Single Tenant ist unnütze Komplexität? / Single Tenant is only unnecessary complexity? - Remote refreshable clone

My presentation (in german) at the DOAG conference was about Single Tenancy and why (some / a lot / most) people do think it is unnecessary complexity or - even worser - it is unnecessary at all.

Yes, my first thoughts, as container based databases have been introduced in 12.1 were the same. I found that it is unnecessary at all. With 12.2 I changed my mind (a little bit or even a little bit more) as there are really nice features included, which can be used for free, even on Standard Edition 2.
I don't they, you should or must use these features, but as a Consultant and DBA I always want to help my customers doing things better or to free up the work life from boring stuff.
And what is more boring than staying in the office or working from home at the night or at a weekend when you could have time to play with your kids, make a trip to a cool event or meet some friends?
So if you can't live without spending times outside of your office hours with work, don't read this article further. 😏

For the DOAG I have created a live demo scenario on my notebook (with a Linux VM), so I would like to share not only my knowledge, but also part of my scripts, so that you can test everything on your own.

What you do need to use the scripts as they are, so you can copy paste them is not that much.

  • 2 Container databases XFEE1 and XFEE2 (XF is my naming convention on test systems for XFS file systems, AC for ACFS and AS for ASM, EE means Enterprise Edition, SE means Standard Edition - the tests do work also with Standard Edition Databases and on ACFS/ZFS without any changes).
  • 1 Pluggable database EE1PDB1 inside of XFEE1
  • TNSNames.ora entries to reach XFEE1, XFEE2, EE1PDB1 and EE2PDB1 (EE2PDB1 is later on used for cloned/snapshot cloned PDB1 inside of XFEE2)
  • You need to set CLONE_DB true (alter system set clone_db=true scope=spfile;) for non-ACFS/ZFS file systems. Restart the database after setting it.
  • To not violate any license rules you can also set MAX_PDBS to one (alter system set max_pdbs=1 scope=both;)
  • Set all passwords to "oracle" (or change the scripts)
Case 1 - Refreshable Remote Copy of a PDB:

Some people do think about using the refreshable remote copy of a pdb as a poor men's standby database, but the best use case I can think of is setting up test environments (for applications or even for database updates) from your production. Another use case is to create a reporting PDB which is automatically refreshed ones a day because you can open the refreshable remote copy read only (and as long as it is opened read only no refresh happen).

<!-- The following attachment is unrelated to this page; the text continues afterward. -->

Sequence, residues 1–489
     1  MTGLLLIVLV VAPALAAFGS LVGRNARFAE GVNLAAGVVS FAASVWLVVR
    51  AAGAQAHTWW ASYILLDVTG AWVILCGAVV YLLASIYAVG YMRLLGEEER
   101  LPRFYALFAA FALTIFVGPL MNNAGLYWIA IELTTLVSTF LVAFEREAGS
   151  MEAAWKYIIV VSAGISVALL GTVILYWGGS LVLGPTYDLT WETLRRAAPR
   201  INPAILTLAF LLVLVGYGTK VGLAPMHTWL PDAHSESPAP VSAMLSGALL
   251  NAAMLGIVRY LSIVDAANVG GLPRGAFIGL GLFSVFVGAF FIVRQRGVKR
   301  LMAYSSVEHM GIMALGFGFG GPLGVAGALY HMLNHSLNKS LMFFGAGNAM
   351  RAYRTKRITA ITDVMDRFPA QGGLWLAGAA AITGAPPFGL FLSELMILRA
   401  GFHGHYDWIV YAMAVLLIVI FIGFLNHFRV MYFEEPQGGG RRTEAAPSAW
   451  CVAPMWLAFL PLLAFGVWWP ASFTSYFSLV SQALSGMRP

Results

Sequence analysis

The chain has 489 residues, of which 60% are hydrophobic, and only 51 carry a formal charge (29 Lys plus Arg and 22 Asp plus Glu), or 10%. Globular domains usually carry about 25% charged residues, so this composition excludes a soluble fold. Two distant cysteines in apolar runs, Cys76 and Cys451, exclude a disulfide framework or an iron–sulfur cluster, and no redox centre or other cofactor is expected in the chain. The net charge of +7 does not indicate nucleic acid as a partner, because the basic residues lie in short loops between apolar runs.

Think about the following case: You do have your production database up and running and you should create a test environment. The business guys tell you, that they need the test environment in 3 days and the data should be the one after business hours or more horibble at saturday night.

What is your way to do this? Creating a standby database with Data Guard (not for SE2) and stop recover at the evening you should do? So you can prepare things and don't need to work a lot that evening? Or do you prepare an empty database and wait for that evening, then run an export on the production and an import at the test environment? How long does this take and how many hours do you spend that evening doing all this work?
A quick, fast solution is to create a refreshable remote copy of a pdb. All you need to do is to set it up the days before "that evening" comes, you let it refresh automatically all minutes and all you need to do at "that evening" is to stop the refresh and open the database. Maybe, due to application reasons, you need to run a SQL script which is always needed (also with Standby or with export/import). If you have tested that once or twice, you could even create a cronjob that does a last refresh and opens the database / run your application script when it is time to. So you don't need to work at the evening or weekend at all. 😊

If you want to test that, you need the things I have mentioned at the preparation part of this post. And then you can just run the following scripts.
The steps in the script are the following (you don't need to create the common user at the receiving database, I have just re-used the picture):

  1. Create a common user and grant him rights
  2. Create a database link to the PDB you want to clone from the CDB$ROOT you want the PDB cloned to.
  3. Create the refreshable PDB clone and let it run until you need it
  4. Open the automatically refreshed PDB read-write
Script 1 to run at the CDB$ROOT of the production.
Script 2 to run at the CDB$ROOT where you want the PDB cloned to.

Maybe you try to refresh or set the refresh mode to none (see script 2) and you get an

ORA-65118: operation affecting a pluggable database cannot be performed from another pluggable database
If so, just set the container to the pdb ( alter session set container=EE2PDB1; )  and try again.

Hope that will help you at your daily work. Stay tuned, there are more use cases where it is really nice to use PDBs instead of doing it "the old way". I will write a new post as soon as I have time to.

As always, comments are welcome.

You can find the second post regarding remote snapshot clone here

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